So this one isn’t technically an anime, but how could I not include it on this list? Thunderbolt Fantasy comes from the twisted, fascinating brain of Gen Urobuchi, of Madoka Magica, Fate/Zero and Psycho-Pass fame. For real this time: this is not a drill, this is not one where he’s just listed under “story concept,” he’s actually writing the thing. Crunchyroll even has a preview episode that discusses the conception and technical details of the series’ production: Urobuchi went to Taiwan and saw the puppet theater troupe that moves the characters in this show. He loved it, and wanted to make the art form popular in Japan, and so here we are.
Thunderbolt Fantasy is basically wuxia, a type of historical drama that’s China’s version of our lords-and-ladies medieval fantasy. The plot is a fairly straightforward version of the genre, but where Urobuchi sells it is by turning the camp up to 11. Thunderbolt Fantasy knows the whole idea of “puppet TV” is kind of silly, and what’s more, the puppets need exaggerated movements and speech in order to fully come off as “human.” It gives it a really strong charm that helps to sell the silliness of the plot.
It’s hard to tell yet if Thunderbolt Fantasy will show any of the same moral dilemmas or character archetypes that are familiar from his other series. But it’s definitely fun, and hopefully leads to a whole new trend of campy puppet shows from other anime auteurs.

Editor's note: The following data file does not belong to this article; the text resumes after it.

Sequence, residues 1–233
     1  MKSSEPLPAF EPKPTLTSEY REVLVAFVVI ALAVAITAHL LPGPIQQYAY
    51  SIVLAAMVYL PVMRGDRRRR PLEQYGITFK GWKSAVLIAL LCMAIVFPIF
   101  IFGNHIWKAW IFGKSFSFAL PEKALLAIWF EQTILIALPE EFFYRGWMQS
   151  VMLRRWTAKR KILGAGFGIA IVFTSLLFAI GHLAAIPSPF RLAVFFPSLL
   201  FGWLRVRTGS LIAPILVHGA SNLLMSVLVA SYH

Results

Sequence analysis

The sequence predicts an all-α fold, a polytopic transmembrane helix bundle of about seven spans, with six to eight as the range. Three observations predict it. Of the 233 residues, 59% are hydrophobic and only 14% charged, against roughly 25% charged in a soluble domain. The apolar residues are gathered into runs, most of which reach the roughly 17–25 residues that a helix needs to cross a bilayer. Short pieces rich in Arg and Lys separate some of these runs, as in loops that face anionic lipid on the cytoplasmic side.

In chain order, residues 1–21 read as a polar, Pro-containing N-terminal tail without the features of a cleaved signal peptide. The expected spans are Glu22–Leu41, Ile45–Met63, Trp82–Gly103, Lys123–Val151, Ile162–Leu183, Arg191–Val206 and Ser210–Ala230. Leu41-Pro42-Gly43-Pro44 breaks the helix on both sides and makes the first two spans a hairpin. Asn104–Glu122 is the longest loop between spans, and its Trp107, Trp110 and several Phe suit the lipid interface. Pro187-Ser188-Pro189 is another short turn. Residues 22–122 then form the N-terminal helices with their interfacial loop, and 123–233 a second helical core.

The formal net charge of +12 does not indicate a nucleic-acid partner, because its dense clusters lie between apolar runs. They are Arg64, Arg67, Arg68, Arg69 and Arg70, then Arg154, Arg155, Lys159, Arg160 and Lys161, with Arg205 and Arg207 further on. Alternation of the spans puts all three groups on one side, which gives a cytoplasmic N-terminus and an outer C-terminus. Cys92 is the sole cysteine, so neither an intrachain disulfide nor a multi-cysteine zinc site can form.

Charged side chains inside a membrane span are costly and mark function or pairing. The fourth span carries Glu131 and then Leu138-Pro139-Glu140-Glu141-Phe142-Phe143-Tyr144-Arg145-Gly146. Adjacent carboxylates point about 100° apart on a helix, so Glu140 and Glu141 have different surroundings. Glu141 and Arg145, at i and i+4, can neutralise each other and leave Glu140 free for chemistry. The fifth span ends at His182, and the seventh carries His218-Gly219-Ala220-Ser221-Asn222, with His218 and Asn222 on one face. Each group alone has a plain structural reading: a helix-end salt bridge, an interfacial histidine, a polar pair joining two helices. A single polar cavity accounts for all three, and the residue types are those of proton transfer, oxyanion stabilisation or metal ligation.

Current Episode Count: 4/13. Streaming Fridays on Crunchyroll.
#3 91 Days
91 Days is a pretty basic story: set in the Prohibition era in the United States, a young man returns to the town where he grew up on a mission. The mob killed his entire family except for him ten years ago. Now, he wants his revenge, and will do whatever it takes to get it–even if he has to compromise his remaining humanity for it.
There are so many stories like this in anime, and so many in the “gangster” genre worldwide. I think what makes 91 Days stand out from other “gangster” anime, such as Baccano! and, well, Gangsta, is how much it’s in dialogue with the previous works in that genre. It’s not just the obvious visual reference to The Godfather films in the series’ logo or in events like structuring a key plot point around a mob boss’s daughter’s wedding, but arguably the whole thematic struggle of how the bonds that make us most human can lead us to actions that deprive us of our humanity. So many mafia stories are rooted in the fact that people do these awful, bloody things for family.